A Christian man purportedly kills his teenage daughter over her relationship with a jailed Muslim man. (Stephen Morton/Getty Images)
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The Barna Group, an evangelical research firm headquartered in Ventura, California, has ranked the top 10 most “post-Christian” cities in the United States, and most of them are in the northeast.
In fact, according to data released Tuesday, eight of the most “post-Christian” cities in the country are in New England, with Portland-Auburn, Maine, in the top spot.
— Carol Duffie (@songbirdcd) July 11, 2017
To qualify as “post-Christian,” respondents in the cities had to meet at least nine of the 16 identifying factors in Barna’s list, which included such categories as “Do not believe in God,” “Disagree the Bible is accurate,” “Identify as atheist or agnostic,” “Have never made a commitment to Jesus,” and “Disagree that faith is important in their lives.”
“These kinds of questions — compared to ticking the ‘Christian’ box in a census — get beyond how people loosely identify themselves (affiliation) and to the core of what people actually believe and how they behave as a result of their belief (practice),” a statement from Barna read. “These indicators give a much more accurate picture of belief and unbelief in America.”
Barna provided a top 100 ranking of the most “post-Christian” cities in the United States. Here are the top 10:
- No. 1: Portland-Auburn, Maine (57 percent)
- No. 2: Boston, Mass.–Manchester, N.H. (56 percent)
- No. 3: Albany–Schenectady–Troy, N.Y. (54 percent)
- No. 4: Providence, R.I.–New Bedford, Mass. (53 percent)
- No. 5: Burlington, Vt.–Plattsburgh, N.Y. (53 percent)
- No. 6: Hartford–New Haven, Conn. (52 percent)
- No. 7: New York, N.Y. (51 percent)
- No. 8: Buffalo, N.Y. (50 percent)
- No. 9: Seattle–Tacoma, Wash. (50 percent)
- No. 10: San Francisco–Oakland–San Jose, Calif. (50 percent)
A Barna study from earlier this year found that San Francisco–Oakland–San Jose, California, is the most unchurched metro area in the country, with 60 percent of respondents saying they “have not attended a church service in the past six months.”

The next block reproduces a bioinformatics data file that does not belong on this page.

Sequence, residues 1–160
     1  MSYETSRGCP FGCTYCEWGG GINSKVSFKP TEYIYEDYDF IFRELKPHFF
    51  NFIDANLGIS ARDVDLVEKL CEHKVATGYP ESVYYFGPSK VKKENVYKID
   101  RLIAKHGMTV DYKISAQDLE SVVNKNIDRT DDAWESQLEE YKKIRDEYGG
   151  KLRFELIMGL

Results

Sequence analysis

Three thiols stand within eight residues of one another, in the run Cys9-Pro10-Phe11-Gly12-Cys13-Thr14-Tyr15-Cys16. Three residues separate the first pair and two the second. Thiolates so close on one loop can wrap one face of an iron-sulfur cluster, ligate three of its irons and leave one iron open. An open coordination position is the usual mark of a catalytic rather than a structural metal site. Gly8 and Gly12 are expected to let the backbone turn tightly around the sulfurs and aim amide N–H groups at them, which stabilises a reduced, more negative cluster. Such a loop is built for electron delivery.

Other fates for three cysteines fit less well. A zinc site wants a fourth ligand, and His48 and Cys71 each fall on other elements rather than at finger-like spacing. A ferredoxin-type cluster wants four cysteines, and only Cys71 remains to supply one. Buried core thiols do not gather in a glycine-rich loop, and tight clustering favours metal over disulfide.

The evangelical research group noted the results of its most recent study are not all that surprising, given the “rates of church attendance, religious affiliation, belief in God, prayer and Bible-reading have all been dropping for decades” in the United States.
“By consequence,” Barna concluded, “the role of religion in public life has been slowly diminishing, and the church no longer functions with the cultural authority it held in times past.”
A Gallup survey from December found that 21 percent of Americans have no religious identity — up from the 15 percent of respondents who said the same in 2008. And in the 1940s and ’50s, only 2-3 percent of Americans didn’t report a formal religious identity.
The data also echoed Barna’s findings regarding church attendance. In 1973, 73 percent of Americans said they were members of a church, while only 56 percent said the same in 2016.
It should be noted that the least “post-Christian” city in the U.S. is Shreveport, Louisiana, which is also featured in Barna’s list of the most “Bible-minded” cities in the country. Barna describes “Bible-minded” people as those “who report reading the Bible in the past week and who strongly assert the Bible is accurate in the principles it teaches.”
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